Finding traditions in a big city, like Los Angeles, can be difficult. Things are always changing, and it is hard to find a close-knit community in an urban setting with so many people. Because people come from all over the world, finding people with similar backgrounds and interest as you is difficult. But in my little neighborhood, nestled in the hills of Los Angeles, I have long-lasting traditions that I look forward to every year. For some people walking to school isn’t that important, but for me it was something that largely impacted my life.
I started walking to my elementary school every morning with the Kaplans, Garricks, Saviolas, Rasmussens and my family—five families, all separated only by a of couple houses. This tradition was already in place before I was old enough to go to school, but I always looked forward to being a part of this walking-to-school tradition. When I was five to eleven-years-old, my neighbors and I would all meet at one of our houses and walk in a big clump of parents and kids to school down the street. Our daily walks were always exciting; we could look forward to finding dead animals that would gross us out or seeing deer cross our path that would amaze us. And we were always on the lookout for dog poop. On our short walks, we would play games, sing songs or tell each other crazy stories. This small act of walking to school was so special to me because it was a time when I could talk with all my friends before and after school, and it was a nice familiar routine that I looked forward to each day.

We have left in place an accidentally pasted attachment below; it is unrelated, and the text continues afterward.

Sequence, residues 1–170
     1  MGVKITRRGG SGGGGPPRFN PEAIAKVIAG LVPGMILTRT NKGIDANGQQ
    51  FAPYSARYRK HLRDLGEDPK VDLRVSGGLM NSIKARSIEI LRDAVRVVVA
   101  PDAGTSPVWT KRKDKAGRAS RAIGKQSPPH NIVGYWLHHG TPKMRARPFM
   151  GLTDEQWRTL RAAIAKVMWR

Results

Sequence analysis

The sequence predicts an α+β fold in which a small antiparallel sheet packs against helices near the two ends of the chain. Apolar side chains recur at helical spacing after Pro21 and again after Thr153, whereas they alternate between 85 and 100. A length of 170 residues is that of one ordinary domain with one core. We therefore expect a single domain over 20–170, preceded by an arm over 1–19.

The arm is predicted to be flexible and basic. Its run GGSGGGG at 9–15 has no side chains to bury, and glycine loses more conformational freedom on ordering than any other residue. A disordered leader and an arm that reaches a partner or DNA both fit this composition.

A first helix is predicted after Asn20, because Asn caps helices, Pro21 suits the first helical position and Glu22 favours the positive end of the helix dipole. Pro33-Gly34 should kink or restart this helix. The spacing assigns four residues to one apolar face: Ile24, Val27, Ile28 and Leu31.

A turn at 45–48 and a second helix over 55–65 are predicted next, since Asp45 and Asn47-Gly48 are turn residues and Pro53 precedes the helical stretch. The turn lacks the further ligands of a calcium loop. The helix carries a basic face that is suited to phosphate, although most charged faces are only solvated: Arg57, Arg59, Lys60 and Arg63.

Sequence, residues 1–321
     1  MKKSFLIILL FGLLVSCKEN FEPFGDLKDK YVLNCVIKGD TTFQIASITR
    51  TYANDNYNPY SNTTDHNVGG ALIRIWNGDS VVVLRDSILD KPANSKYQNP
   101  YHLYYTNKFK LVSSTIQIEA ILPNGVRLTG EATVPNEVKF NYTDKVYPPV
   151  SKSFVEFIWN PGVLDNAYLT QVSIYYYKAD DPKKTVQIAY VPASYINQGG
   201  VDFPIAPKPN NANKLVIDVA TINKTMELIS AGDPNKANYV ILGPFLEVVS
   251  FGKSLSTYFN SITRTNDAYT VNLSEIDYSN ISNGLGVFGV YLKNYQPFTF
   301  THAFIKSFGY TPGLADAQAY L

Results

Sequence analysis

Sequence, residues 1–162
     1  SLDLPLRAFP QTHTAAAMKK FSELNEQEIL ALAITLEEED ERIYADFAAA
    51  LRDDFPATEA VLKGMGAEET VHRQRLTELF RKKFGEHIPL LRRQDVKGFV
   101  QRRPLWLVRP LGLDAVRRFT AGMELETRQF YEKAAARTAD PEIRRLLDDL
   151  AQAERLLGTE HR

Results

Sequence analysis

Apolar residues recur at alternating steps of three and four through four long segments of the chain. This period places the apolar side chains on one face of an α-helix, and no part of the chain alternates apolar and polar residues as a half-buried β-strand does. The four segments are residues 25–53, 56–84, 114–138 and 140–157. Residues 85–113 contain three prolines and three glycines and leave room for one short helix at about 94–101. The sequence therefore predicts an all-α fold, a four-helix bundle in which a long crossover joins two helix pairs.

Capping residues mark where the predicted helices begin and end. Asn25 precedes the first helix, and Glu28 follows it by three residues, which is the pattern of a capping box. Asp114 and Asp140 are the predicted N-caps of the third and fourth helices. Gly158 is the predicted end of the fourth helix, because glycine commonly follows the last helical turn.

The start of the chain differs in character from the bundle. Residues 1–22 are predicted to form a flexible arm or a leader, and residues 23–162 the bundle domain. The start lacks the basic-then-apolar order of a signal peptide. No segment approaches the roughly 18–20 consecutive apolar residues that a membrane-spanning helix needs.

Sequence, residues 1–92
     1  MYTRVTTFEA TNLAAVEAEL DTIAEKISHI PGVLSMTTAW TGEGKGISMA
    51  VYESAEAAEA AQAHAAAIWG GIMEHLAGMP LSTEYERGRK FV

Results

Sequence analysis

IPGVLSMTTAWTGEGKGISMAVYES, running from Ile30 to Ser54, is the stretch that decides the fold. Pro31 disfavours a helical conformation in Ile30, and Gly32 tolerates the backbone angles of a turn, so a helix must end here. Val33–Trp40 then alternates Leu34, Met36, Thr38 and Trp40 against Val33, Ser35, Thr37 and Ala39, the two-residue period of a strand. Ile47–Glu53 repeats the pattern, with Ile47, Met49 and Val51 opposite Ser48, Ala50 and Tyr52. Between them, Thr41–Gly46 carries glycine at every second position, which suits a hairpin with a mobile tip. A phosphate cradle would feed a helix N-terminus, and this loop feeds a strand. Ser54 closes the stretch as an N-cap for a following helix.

Every day was a new adventure. This little walk down my street often held new surprises in store. I remember one time my friends and I were all walking with our parents behind us when suddenly we heard something in the bushes. We all got quiet and looked up only to see a deer right in front of us. This was the first of many encounters with the abundant wildlife in our city canyon. Seeing this deer made us all realize how lucky we were to be able to escape the city madness, have a small community that felt familiar and experience genuine wildlife.
This small ritual with my best friends was always something I looked forward to the minute I woke up and the second school ended. Eventually, we all got older and went to different schools, but this tradition of walking together brought us closer, and we have even started new traditions. Growing up with these traditions made me feel safe and grateful that I always had a place where I felt comfortable and at home. I remember feeling sad on my last walk to and from elementary school because our tradition was over, but we still see each other every weekend and laugh as we watch new groups of families walk to school.